The provision is aimed at addressing the problem of citizen lawsuits that have added nothing to the actual protection of threatened and endangered species while tying up the court system and funneling millions of dollars in legal fees to plaintiffs’ attorneys.

“Real world experience suggests” this protection is being provided by EPA under FIFRA, CLA said.

FARRM also includes the following notable regulatory reform provisions: Regulatory Clarification for Imported Seed, Title 10, "Section 10014. Seed Not Pesticide or Device for Purpose of Importation."

“American farmers must have timely access to sufficient quantities of seed each planting season,” CLA said. “Seed produced in South America in the winter is delivered just-in-time for spring planting in the US. Any duplicative regulatory import requirements could delay planting.”


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This provision would amend FIFRA to clarify the roles of EPA and the US Department of Agriculture to ensure that unnecessary paperwork does not disrupt an adequate domestic seed supply, but does not change any other existing regulations or requirements for seed or pesticides.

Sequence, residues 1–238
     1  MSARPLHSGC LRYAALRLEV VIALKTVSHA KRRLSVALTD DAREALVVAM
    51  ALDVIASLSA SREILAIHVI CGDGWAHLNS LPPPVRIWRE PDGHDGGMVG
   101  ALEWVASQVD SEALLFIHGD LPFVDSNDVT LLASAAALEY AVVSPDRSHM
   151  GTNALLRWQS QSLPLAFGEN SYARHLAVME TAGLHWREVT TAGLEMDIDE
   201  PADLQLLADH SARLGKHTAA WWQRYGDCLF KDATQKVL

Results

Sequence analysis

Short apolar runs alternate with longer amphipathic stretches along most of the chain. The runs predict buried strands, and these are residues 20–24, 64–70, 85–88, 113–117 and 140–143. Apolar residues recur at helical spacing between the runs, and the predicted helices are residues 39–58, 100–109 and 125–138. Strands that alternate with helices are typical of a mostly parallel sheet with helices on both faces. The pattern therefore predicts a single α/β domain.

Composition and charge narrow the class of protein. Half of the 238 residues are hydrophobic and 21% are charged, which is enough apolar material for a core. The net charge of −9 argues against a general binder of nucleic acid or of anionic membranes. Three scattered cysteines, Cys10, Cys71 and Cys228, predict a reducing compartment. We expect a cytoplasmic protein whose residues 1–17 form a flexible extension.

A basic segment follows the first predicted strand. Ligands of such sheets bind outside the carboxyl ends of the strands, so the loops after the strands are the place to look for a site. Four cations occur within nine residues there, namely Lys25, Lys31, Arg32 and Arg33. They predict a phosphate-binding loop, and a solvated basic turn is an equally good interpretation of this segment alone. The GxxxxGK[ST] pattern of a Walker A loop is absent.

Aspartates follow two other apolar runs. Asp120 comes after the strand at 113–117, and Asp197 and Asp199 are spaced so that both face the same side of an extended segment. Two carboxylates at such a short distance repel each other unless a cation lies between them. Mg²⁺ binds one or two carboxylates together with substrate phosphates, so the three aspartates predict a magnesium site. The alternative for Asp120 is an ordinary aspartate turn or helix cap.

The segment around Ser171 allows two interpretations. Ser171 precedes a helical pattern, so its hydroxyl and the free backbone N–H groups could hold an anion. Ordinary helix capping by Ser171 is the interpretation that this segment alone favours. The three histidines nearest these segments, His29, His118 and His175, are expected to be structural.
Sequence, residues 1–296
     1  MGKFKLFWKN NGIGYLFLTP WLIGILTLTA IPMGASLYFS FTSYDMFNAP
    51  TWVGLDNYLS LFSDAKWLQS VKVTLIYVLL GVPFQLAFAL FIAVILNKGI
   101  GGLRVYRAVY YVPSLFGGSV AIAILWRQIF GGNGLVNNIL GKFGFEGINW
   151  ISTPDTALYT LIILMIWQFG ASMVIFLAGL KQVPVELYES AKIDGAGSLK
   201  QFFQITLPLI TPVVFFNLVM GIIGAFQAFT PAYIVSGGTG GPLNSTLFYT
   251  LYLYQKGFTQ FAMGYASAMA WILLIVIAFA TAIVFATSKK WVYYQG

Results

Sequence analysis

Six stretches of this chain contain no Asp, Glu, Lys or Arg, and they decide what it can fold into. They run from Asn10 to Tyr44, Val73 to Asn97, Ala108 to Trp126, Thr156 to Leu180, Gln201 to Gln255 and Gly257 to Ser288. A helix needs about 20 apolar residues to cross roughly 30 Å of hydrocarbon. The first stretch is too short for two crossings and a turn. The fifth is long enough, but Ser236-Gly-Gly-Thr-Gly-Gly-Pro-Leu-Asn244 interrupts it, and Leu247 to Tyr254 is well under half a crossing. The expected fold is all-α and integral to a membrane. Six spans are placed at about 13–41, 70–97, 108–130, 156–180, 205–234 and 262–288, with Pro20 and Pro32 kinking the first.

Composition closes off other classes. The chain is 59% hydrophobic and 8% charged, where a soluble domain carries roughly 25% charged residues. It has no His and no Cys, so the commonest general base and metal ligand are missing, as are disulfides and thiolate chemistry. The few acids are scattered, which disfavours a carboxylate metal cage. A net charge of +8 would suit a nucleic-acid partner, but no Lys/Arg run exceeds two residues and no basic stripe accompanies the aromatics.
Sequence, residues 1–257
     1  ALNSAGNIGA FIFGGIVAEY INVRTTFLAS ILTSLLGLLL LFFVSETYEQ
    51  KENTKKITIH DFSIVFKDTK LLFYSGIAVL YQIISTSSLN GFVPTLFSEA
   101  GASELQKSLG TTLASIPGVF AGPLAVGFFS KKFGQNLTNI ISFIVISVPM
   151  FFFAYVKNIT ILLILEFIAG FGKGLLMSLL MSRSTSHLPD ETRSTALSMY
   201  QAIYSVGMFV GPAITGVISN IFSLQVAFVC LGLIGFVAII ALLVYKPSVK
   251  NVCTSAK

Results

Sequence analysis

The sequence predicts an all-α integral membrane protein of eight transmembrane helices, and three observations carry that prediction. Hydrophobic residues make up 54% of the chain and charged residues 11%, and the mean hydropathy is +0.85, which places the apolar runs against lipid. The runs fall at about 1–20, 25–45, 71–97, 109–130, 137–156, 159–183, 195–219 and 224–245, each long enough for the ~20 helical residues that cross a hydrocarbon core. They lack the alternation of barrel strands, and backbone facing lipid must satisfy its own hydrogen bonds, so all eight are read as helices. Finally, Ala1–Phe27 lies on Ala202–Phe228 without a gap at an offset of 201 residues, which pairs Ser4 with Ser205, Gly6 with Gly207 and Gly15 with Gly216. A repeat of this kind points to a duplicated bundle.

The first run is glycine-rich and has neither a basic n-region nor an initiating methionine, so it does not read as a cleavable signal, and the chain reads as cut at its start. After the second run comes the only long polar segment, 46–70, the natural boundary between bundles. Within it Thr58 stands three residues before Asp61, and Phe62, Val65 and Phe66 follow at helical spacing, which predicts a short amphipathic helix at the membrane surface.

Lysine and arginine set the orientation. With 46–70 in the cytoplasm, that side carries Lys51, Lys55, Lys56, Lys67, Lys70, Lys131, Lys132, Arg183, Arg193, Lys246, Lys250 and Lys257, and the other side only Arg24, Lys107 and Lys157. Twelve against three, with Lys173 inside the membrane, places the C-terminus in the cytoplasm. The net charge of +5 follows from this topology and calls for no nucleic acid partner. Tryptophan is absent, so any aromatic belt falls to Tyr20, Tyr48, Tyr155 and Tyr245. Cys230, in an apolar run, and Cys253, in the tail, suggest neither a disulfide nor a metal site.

All seeds are regulated by USDA. All imported seed must be accompanied by the appropriate forms required by Customs and Border Protection and USDA, allowing for electronic tracking of the shipments. EPA requires a Notice of Arrival (NOA) for all pesticides that enter the US. But, EPA officials have refused to allow entry of some seed shipments unless a separate Notice of Arrival form is presented to CBP. This duplicative, unnecessary paperwork threatens timely seed shipments, and is not appropriate or needed for seed, as it is designed for imports of commercial pesticides. The sheer volume of seasonal seed imports can quickly overwhelm the antiquated, NOA process. Even brief delays can result in delayed deliveries and plantings, and reduced yield for farmers.


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